You are exactly like all the others, whatever they say

If you were one of those people who insisted it is not Islamophobic to scrutinise Islam and Muslim people when you are neither of those things yourself then you personally contributed to the actions which led to a Sikh man being identified as a Muslim terrorist (by Gamergate trolls who exist only to torment vulnerable people cos ethics) and reported to the rest of the world before the information was even verified. This happened beacause the western world is largely ignorant of the rest of us and experiences it as a sort of quaint skewed little fairy tale which best fits their centuries old prejudices. The media were fooled because they are perhaps the most ignorant of the bunch and a brown face to them is always a terrorist. When a poc is probably responsible, as it is whenever there’s a disaster then due process becomes a privilege only afforded to white people. It’s consistent with the experience I have of the western world, where it doesn’t matter what you do to distinguish yourself from all the others, you’ll always be a paki, regardless of whether or not you are actually from Pakistan.

I’ve been asked where I’m from more times than whether I’ve had a good day, I know this much without doing the maths. Once upon a time I humoured it and asked people to guess and they did; Maltese, Greek, Arab, Iranian, Afghani, Latina, the list goes on and on. White people literally see colour before they see anything else and depending on your answer to this question draw conclusions before you need say anything further. I was always wary of saying Pakistani because I’d grown up feeling like the proverbial shit on one’s shoe for no apparent reason, it was just a feeling that was ever present. I used to say I was Kashmiri and this was partly true, my mum hails from there but I always had a sense it was preferable to identify as Indian, as all the Muslim Indians I knew liked to rub it in, for why, I had no idea, but it was there, this unspoken rule. I imagine now it was the residual tenets of divide rule and conquer which had passed down the generations, infecting us before we were even born. It’s apparent in the token few who deny our existence and experiences of the world so that white people can write us off as bullies and attention seekers, this idea that we must only object because we are jealous and not genuinely critical for the greater good. They will attach themselves to each other as allies and ambassadors for one another just to keep you out and struggling.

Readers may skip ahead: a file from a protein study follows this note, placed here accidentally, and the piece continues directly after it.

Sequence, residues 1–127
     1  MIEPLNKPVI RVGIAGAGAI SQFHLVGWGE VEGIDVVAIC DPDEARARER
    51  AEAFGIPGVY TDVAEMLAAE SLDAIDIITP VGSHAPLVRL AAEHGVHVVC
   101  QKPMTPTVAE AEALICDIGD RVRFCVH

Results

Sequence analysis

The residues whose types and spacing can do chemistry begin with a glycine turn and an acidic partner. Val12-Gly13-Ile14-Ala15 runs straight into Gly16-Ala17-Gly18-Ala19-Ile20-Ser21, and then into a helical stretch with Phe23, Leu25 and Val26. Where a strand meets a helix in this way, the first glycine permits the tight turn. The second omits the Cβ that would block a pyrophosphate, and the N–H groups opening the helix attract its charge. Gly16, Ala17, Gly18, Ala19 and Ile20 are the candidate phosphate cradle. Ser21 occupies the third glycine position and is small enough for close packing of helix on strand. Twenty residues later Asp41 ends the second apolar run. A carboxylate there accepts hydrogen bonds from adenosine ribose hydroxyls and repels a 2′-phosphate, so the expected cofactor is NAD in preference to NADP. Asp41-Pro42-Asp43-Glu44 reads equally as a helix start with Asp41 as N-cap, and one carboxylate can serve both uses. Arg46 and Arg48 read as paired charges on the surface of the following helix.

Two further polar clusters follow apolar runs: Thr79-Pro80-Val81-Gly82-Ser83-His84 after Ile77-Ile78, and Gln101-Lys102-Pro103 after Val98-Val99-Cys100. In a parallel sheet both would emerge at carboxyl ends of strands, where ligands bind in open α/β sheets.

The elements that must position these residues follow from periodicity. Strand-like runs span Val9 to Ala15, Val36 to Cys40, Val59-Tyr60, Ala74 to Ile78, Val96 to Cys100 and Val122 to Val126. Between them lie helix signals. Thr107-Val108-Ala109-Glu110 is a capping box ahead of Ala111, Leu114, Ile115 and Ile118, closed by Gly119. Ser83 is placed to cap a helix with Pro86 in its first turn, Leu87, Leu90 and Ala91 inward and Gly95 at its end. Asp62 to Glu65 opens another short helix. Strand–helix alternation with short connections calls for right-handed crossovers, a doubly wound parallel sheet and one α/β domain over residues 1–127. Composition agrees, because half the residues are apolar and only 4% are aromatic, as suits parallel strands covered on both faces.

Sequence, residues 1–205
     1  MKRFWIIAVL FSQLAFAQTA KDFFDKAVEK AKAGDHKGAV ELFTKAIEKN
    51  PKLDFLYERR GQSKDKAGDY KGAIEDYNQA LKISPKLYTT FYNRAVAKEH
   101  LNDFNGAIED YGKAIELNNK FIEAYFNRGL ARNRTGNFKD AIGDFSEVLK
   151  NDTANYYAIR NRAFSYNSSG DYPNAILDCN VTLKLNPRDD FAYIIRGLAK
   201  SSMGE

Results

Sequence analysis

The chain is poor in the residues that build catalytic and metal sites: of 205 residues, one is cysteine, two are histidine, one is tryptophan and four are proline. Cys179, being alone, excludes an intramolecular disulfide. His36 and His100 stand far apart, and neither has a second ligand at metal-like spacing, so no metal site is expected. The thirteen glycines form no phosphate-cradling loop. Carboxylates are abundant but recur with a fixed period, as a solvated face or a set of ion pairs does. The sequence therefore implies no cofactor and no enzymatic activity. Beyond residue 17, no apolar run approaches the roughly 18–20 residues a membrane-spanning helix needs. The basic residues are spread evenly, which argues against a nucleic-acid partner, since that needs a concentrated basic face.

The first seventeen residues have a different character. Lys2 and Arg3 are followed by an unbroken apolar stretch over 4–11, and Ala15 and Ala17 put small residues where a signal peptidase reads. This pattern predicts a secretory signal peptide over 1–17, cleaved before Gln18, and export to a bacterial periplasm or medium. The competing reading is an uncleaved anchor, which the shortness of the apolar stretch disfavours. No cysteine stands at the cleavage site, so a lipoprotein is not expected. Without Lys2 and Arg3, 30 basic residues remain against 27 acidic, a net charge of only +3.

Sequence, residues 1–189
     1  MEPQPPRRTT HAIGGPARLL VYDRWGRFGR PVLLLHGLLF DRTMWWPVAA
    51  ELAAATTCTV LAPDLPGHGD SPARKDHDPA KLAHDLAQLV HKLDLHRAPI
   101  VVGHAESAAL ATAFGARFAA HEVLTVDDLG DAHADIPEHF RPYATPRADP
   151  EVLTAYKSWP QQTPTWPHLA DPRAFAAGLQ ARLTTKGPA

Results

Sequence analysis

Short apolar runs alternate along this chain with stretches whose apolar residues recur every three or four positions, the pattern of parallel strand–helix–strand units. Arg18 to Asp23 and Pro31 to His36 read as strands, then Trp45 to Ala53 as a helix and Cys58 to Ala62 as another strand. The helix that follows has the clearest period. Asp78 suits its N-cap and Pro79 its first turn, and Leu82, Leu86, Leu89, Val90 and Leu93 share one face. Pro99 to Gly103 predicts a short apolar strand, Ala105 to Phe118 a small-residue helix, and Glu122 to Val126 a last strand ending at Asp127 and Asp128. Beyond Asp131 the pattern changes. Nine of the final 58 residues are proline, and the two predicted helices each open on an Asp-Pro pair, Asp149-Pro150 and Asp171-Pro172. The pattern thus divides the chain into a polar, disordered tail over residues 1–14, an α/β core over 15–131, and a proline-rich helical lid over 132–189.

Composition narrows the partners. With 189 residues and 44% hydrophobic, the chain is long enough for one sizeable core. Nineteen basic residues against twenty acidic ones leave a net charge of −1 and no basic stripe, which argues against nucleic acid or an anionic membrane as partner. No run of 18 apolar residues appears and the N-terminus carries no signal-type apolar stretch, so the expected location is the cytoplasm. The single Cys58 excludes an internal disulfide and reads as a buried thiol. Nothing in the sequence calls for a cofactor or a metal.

The ignorant world we find ourselves in is a direct consequence of white supremacists and their token allies. Every time a white person says to you you are not like all the others and you’re actually some kind of special snowflake, it is a lie. You are maybe a toy to the person who says that to you, someone they can wind up and watch make a fool of themselves but you are most definitely just like the others to all the white people you haven’t yet met, and probably most definitely the person who would say such a racist thing in the first place. If you’re a poc and you’re still struggling with observing and identifying divide rule and conquer, if Veerender Jubbal’s case has not made your blood run cold in horror, that the people in control of narratives can get it so very wrong, then you alone will be responsible for the ways in which you are abused.

A Sikh man (wearing a Sikh turban which is completely different to other brown people’s head coverings) can be thrust onto the world stage without his consent, without any viable reason for this attack on his identity (not that racist targeting is a viable reason even when the subject is Muslim), have a Quran photoshopped into his hands (replacing the ipad) and the media will probably get away with it, but we mustn’t let them. Remember that time little old me made a mistake that barely a few thousand people will have seen (though they will have most definitely witnessed my unprompted apology) yet the media acted as though I had killed someone with my false allegation of racism, the way they used it to whip me with because it was just such a terrible thing to accuse someone of being a racist shitheel. Well it’s actually worse to be a victim of racism, even more than being falsely accused in a system where actually, racism is inherent, it being a proud nation built on the looting and erasure of other people and cultures, and unrepentant in its ways.

The media is massively racist, whatever they might say. They just proved it.

The White Supremacist’s War on WoC (Trigger Warning)

I was thinking about writing this piece a week or so ago but was struggling to think of an introduction, there were many issues I felt I had to raise but couldn’t decide which would go first. You may have read ‘It’s not about me’ where I purged the horror of the injustice currently sweeping Britain, it was a response to all those critics who twist the points activists are trying to make into the delusional ramblings of a narcissist. Well, I think I made that point. It’s not about me; it is about all of us. If it happens to a random person on the street, it could happen to you. Unfortunately, it very recently happened to me too.